Today’s Interview is with Christopher Kellen, the author many books, including the highly popular “The Arbiter Codex.” I conducted this interview after reading Elegy, and it is not necessary to have read the novel to enjoy the Interview.
MD: Central to your entire novel is the concept of manna. It drives everything about the plot and characters of this world. Can you please describe it, and the things that make it a unique magic/energy source in contrast to things it may be compared to?
Christopher: There are many fantasy stories and worlds that deal with some kind of life force, some central source of energy that wizards or others can draw from. When I began writing ELEGY, my central hypothesis was: what if that life force was actually deadly to everyone it touched? What if it drove them mad, turned them into monsters, outright destroyed them?
After I solidified that idea in my head, I realized that if the good side of the life force (which I decided to call ‘manna’) was deadly, then the bad side must be even worse. If it also had a bad side, there must be someone who was immune to the deadly power.
As of my latest Arbiter Codex book, LEGACY, more about the source of the manna, where it came from and just why it’s so deadly have been revealed, but I’ll avoid going into more detail to avoid spoilers.
MD: The title of the series is The Arbiter Codex. Could explain the roles of Arbiters in this world?
Christopher: Corrupted manna (that is, the ‘bad’ side I mentioned above) creates monsters. It turns normal things into hideous versions of themselves, and has actually nurtured strains of monsters going back generations that have become separate species.
The Arbiter’s job is to hunt down the places where the life force has become snarled. Normally, it flows like a river, but if someone exerts too much force on it, or if someone attempts to hoard it, the power spoils and becomes corrupted. This usually results in a great many terrible things: walking corpses, horrific monsters, and otherwise rational people gone insane. The Arbiters, working from their Tower, seek out those places, destroy the monsters, and return things to normal.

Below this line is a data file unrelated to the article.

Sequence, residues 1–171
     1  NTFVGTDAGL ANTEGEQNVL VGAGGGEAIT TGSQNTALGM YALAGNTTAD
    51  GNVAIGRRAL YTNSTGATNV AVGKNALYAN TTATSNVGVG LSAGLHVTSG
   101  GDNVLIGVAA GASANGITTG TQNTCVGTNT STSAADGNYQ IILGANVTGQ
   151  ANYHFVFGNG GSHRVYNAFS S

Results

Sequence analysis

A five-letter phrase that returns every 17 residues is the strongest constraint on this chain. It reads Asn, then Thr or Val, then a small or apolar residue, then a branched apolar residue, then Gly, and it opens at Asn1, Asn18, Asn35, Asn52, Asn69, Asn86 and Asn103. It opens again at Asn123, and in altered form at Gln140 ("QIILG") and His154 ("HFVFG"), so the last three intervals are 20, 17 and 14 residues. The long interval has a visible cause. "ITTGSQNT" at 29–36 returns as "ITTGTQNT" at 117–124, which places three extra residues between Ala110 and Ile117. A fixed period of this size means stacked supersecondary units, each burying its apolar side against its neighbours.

MD: The Arbiters have a few unique pieces of equipment and the way they interact with manna. Can you let us know of the heart blade, the manna blade and other things the Arbiters use to carry out their duty?
Christopher: I’ve dreamed about a crystalline sword for a long time. I have story fragments going back ten years or more that feature this particular concept, but none of them worked until I started writing ELEGY. There is heavy color symbolism featured in The Arbiter Codex, and the glow of the crystal manna swords represented it perfectly. It allows them to be instantly recognized, for no normal person could carry the power of the manna so closely to them.
The heartblade came out of a need to explain more about how the Arbiter’s world works. I debated heavily on just what it was that allowed the Arbiter to be immune to the power of the manna. Originally, the plan was for them to have been exposed to the power in small doses starting at a very young age, but that didn’t provide enough of the ‘hopeless world’ feeling that I wanted. Instead, I turned them into addicts; the heartblade is a tiny, needle-like blade that recharges itself over time (from a specific place, not from the manna as a whole) that must be driven into the Arbiter’s heart. It both recharges them and re-ups their immunity to the manna’s deadly influence. Without it, they would die.
MD: The Pulp influences on your novels is very visible. Let us know why you love this style of writing, and ways you incorporated it into your novel.
Christopher: I wrote ELEGY in 2008, for National Novel Writing Month. At the time, I had just finished a two-year stint as a graphic designer and formatter for a small press that was working with public domain properties like Tarzan, John Carter, and Lovecraft. During the process, I had learned a lot about the old pulp stories, and got introduced to Howard for the first time. I can’t really describe how immediately and thoroughly Howard’s work spoke to me. Around that time I was also introduced to Karl Edward Wagner, whose Kanestories I also count among my biggest influences, and I also discovered the work of Andrzej Sapkowski, the modern-day pulp writer ofThe Witcher.
From the moment I began writing, I imagined D’Arden Tal as a combination between Geralt of Rivia (the Witcher himself) and Solomon Kane – a religious zealot who is also an outsider, thought of with suspicion even though he is the only one who can save them.
Reading the pulp stories has led me to where I belong, I think. I’ve grown tired of stories where a ‘farmer’s boy’ finds some magic MacGuffin and saves the world from an overbearing evil. I like it when my characters are already competent before entering the story, when they’re already world-weary or at the top of their game. They face down some horrific evil, and they may change, or they may not. Conan took the crown of Aquilonia, but it never changed him. Wagner’s Kane was an immortal who never changed, no matter what he went through – he was always a magnificent bastard. Those are my favorite characters, and that’s what I’ve been striving for.
MD: The novel moves along at a very steady pace that makes it hard to put down. Is there anything specific you did to keep it that way, such as cut things out after your wrote it, make a conscious decision to not write anything that does not directly move the narrative along, etc?
Christopher: Well, I’m definitely glad that you feel that way!
Actually, ELEGY is sort of an interesting beast, because when I wrote it, I struggled for every word; and not in an angsty, ‘it-has-to-be-perfect’ way. For many years, it was very difficult for me to write any work, because they always came up short on the word count. I’d write what I felt was a complete short story and it would be 1,100 words. I’d try for a novel and get 13,000. Thankfully, this has now changed, but at the time it was very difficult.